No doubt many of the “dance-moves” are negotiable, and might be done by either men or women. But there are certain things that are not done by both sexes. Only women have babies, and nurse them, for instance. There are a few other things also, as we shall see.

If women and men were the same, it would be like two men ice-dancing together. Imagine it. The picture loses something, doesn’t it? Take homophobia out of it. The simple fact is, it just is not the same to have two men, or two women dancing together. Variety and distinction are necessary to the beauty of the dance. If the partners were male and female, but each only did what the other did, it would also be significantly more boring.

As with the ice-dance, there may be certain points in gender relationships that God designed to highlight the strength of masculinity. There may be other points designed to show off the beauty of femininity. In the dance, both femininity and masculinity are supposed to be lifted up and glorified, given honor, each by the other.

God designed masculinity and femininity to dance in such a way that together they show off a beauty and strength that originates with God Himself. As with ice-dancing, there are many means to engage in this, to dance to God’s music, and still allow individuals to express themselves in different ways. But, as with the ice-dance, there are a few elements that must remain consistent if the dance is to remain an expression of God’s image.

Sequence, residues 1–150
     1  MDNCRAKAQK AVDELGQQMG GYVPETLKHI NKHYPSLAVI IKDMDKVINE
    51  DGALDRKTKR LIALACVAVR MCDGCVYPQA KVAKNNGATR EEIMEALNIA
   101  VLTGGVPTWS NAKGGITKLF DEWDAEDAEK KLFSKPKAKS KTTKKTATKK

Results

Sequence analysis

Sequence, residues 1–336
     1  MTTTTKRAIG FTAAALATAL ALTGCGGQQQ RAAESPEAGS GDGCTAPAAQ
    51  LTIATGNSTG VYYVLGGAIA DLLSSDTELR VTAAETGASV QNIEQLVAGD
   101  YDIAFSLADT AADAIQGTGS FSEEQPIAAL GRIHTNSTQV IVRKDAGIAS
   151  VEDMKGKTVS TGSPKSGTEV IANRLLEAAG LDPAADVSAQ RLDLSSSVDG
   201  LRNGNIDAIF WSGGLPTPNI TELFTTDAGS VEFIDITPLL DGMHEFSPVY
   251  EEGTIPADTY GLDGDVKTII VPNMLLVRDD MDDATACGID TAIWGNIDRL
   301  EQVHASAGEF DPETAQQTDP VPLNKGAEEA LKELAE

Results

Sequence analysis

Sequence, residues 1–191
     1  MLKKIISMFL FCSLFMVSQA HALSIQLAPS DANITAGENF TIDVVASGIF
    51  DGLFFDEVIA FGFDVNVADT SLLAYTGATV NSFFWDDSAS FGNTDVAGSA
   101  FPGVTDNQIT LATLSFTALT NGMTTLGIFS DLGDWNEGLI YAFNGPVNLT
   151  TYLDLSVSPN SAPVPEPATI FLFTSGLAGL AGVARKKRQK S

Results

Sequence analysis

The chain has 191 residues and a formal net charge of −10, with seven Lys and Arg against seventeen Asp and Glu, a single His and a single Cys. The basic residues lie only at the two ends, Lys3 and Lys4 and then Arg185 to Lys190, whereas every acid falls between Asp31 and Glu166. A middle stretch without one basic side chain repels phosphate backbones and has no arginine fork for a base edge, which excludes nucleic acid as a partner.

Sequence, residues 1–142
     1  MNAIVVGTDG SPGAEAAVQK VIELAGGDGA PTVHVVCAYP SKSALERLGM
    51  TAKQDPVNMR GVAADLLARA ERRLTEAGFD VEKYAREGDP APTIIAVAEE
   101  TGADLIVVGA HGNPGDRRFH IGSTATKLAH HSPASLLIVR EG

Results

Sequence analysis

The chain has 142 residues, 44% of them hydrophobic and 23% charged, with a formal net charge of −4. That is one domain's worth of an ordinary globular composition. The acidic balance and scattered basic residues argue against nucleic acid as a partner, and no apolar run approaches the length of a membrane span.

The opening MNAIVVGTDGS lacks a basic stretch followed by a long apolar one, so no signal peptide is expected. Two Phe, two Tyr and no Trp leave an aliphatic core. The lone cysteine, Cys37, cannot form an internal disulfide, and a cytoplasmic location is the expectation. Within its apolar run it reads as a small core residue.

One of the most important factors between ice-dancing partners is trust. I would say, as an observer, that more trust is required of the woman. She must trust that the man will catch her if he throws her, hold her when she allows herself to be lifted, twirl her without hurting her. There are other areas that require mutual trust. Often the dancers separate and then come back together. Their hands are supposed to meet at a certain time in a certain way. Each must trust that the other will be there as they are supposed to. The man needs to trust that his partner will allow him to lift her and hold her and throw her, without upsetting his balance by fighting him.

Trust is required in God’s gender-dance also. I don’t know why, but it seems to me that more trust is required of women than men. Perhaps ice-dancing, in its beauty, carries echoes of God’s original good creation. But, again, as with the ice-dance, a lot of trust must go both ways.

The fall of mankind has made the gender-dance harder and more burdensome than it was originally intended to be, but it did not change God’s original purpose and plan, which was implemented before the fall, at creation.

It is my fear that as we erase distinctions between women and men, we are rapidly losing that beautiful and strong picture of who God is. We are replacing ice-dancing with mosh-pit style dancing, where everyone gyrates to his or her own rhythm in a formless, genderless mob.

This issue of gender roles is not about keeping people in their place, or freedom or even equality. It is about God shining His beautiful image through us to the world.